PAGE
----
Rainbow Wahine, clinic-goers agree: It’s so good to be here

  • RICK OGATA photo
    Hawaii outside hitter McKenna Ross demonstrates a passing drill Sunday during one of three clinics held at UH-Hilo gym.

Wide-eyed looks on the faces of fourth- and fifth-graders told you all you needed to know about Hilo-based interest in UH Rainbow Wahine volleyball.

They were sponges, those kids, seemingly soaking in every word and all the instructions from University of Hawaii women’s coach Robyn Ah Mow-Santos, who brought players from her Division I team for a few days of clinics and teaching on the Big Island.

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After a day at Keaau High School, the group finished up Sunday at UH-Hilo with a turnout of more than 150 youngsters ranging from fourth grade up to high school seniors.

And at the end, the coach once again came into contact with the past and the future.

The former was in the person of Pauline Quinsaat, wheelchair bound, but not about to miss out making contact with her past life as a Rainbow Wahine, back in the 1950s.

“We were good then, too,” Quinsaat said after meeting Ah Mow-Santos and having her picture taken with the third-year coach who replaced the legendary Dave Shoji after 40 years at the Oahu school. “We have always been good, and (Ah Mow-Santos) is carrying on the tradition. Very nice to see.”

Quinsaat said her granddaughter and now, great granddaughter are carrying on the family tradition, and that’s just how it works at UH women’s volleyball.

“This is so good to be here,” Ah Mow-Santos said, “we don’t get out to the neighbor islands enough, but I want to do it a lot more. It has been a long time since we did this, but I remember once, as a player (1993-96), we went to Maui and it was great break for us.

“I would like to do a spring break tour,” she said, “something I need to talk to the administration about. I would like to go to a neighbor island, bring in a team have a a couple games, it would be good for us, good for the neighbor islands and we could probably find a mainland team that wouldn’t mind coming to Hawaii for a few days this time of year.”

Something like that could breathe oxygen into the brush fire the Rainbow Wahine started here over the weekend while paving the way toward the future.

Sunday, there were 65 4th-8th graders, another 53 in the 9th-12th grade section and 35 more in the Hawaiian language instructions.

“They all seemed so excited,” said Aven Lee, the school’s director of volleyball, “that’s what made me feel good about this. If we had any who came here because their parents made them, they either hid it well or we converted them early on. The level of enthusiasm was high.”

Ah Mow-Santos and her players kept it moving, kept the young ones jumping from one court to the next, one discipline to another. You can hardly imagine a better coach to replace Shoji, who built the program into a national power, where it has remained.

A setter, she still plays at 43, and as veteran of the USA national team, Ah Mow-Santos played in the 2000 Sydney Olympics, the 2004 Athens Olympics, and at the 2008 Beijing Olympics, where she helped Team USA earn a silver medal.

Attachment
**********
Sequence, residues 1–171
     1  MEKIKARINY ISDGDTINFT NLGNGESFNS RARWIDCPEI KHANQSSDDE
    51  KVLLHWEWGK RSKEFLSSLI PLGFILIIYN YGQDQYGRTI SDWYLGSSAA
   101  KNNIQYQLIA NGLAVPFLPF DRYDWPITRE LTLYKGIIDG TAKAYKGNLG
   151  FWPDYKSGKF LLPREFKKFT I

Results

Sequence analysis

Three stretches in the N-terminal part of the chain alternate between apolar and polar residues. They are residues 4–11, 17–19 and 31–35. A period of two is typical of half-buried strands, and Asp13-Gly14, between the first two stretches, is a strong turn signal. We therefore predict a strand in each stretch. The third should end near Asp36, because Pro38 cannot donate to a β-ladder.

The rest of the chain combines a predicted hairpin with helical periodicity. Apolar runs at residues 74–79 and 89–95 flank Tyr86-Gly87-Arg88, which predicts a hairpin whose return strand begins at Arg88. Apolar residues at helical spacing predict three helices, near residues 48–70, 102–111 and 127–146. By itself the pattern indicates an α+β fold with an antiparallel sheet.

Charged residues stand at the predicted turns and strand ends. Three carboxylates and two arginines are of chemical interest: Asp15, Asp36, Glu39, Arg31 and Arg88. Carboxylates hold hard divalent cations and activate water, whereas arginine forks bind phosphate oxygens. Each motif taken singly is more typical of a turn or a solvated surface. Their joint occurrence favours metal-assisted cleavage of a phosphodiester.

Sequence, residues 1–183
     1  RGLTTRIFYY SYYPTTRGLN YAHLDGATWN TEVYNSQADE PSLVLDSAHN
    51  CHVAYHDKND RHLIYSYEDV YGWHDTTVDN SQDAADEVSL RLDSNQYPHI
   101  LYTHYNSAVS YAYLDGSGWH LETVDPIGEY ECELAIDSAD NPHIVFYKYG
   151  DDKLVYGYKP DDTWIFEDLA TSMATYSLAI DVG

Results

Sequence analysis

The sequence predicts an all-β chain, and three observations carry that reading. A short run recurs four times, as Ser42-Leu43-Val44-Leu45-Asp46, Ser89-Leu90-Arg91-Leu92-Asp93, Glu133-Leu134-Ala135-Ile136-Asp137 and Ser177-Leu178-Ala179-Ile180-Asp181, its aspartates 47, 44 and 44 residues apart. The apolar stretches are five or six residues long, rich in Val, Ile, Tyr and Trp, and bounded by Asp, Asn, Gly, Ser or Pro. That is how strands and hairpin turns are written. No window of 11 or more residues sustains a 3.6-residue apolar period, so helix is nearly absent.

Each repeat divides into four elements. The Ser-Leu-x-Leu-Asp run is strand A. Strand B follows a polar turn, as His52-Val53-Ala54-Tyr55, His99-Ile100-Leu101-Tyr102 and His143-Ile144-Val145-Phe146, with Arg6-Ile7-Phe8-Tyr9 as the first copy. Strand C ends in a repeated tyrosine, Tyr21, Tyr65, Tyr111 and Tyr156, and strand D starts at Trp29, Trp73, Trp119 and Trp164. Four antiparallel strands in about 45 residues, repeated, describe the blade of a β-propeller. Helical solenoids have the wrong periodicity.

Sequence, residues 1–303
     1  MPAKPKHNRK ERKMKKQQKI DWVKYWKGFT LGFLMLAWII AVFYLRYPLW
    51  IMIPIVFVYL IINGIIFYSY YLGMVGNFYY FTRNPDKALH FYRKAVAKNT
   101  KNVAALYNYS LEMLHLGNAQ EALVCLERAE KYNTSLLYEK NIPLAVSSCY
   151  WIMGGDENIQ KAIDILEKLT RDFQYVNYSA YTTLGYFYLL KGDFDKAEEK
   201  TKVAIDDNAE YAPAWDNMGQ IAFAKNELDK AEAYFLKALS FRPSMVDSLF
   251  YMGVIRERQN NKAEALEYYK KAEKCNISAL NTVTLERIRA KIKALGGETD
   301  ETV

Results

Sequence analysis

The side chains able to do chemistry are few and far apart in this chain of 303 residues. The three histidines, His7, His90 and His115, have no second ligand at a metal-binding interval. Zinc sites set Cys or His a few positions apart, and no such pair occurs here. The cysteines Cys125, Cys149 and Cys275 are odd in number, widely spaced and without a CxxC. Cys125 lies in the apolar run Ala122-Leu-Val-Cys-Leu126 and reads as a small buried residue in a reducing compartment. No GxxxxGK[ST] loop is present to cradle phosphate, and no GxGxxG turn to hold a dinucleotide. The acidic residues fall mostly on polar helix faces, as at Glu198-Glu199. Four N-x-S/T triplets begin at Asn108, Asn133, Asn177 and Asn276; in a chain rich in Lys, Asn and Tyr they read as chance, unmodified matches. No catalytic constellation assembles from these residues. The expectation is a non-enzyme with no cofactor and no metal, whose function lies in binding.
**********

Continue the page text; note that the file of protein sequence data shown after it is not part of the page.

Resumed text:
Through it all, UH has been a team that attracted the best players and the coach would like to see the fruits of the weekend’s labor turned into future players. Shoji didn’t get criticized a lot but when he did, it often had to do with the recruitment of mainland players.

“I hope we can energize these kids,” she said Sunday, “and I think we can, because I saw a couple girls here that I remember attending our camp (on Oahu), last year. It would be great if we end up getting a player years from now that was here this weekend, and it’s certainly possible, I encourage them to give it everything they have and maybe we will see them in a few years.”

No one questions the level of interest in women’s volleyball here, but it isn’t just that people like to watch balls fly over nets into the enemy court.

Nebraska, with a women’s team that has risen to the level of the Rainbow Wahine, might be the only other school in NCAA Division I with a team as popular as the UH squad, but even in Lincoln, it would spark an argument as to what is the second most popular team at the school behind the football program.

That’s not really up for debate at UH, though the men’s team is currently playing at a Top 5 level. Over the years, Hawaii is seen as distinctive with women’s volleyball being the second most popular sport at school. Attendance records over the decades substantiate the claim.

“We are very fortunate,” Ah Mow-Santos said, “to have the kind of success we’ve had — that’s really what brings them out — and we’re also fortunate for the kinds of fans we have. I’ve traveled, basically, all over the world with volleyball, and our fans are special, they stand out because of the knowledge that have for the game.

“The only place I think is somewhat comparable is Japan, they go crazy for it over there,” she said, “just crazy and loud and wild.

“But the difference with our fans is that they truly appreciate the game, they will applaud for good volleyball, even when it’s the other team. Every place else, they cheer for their team, but they don’t, to me, have the knowledge and appreciation of our fans.”

That was seen at the end of the Sunday clinics when virtually everyone in the gym got in line for coach and player autographs on team posters.

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It won’t be forgotten.

“It’s been a long time,” Ah Mow-Santos said, “but that’s going to change. Everyone that was here and the ones who weren’t here should know, we will be back, you have my word.”

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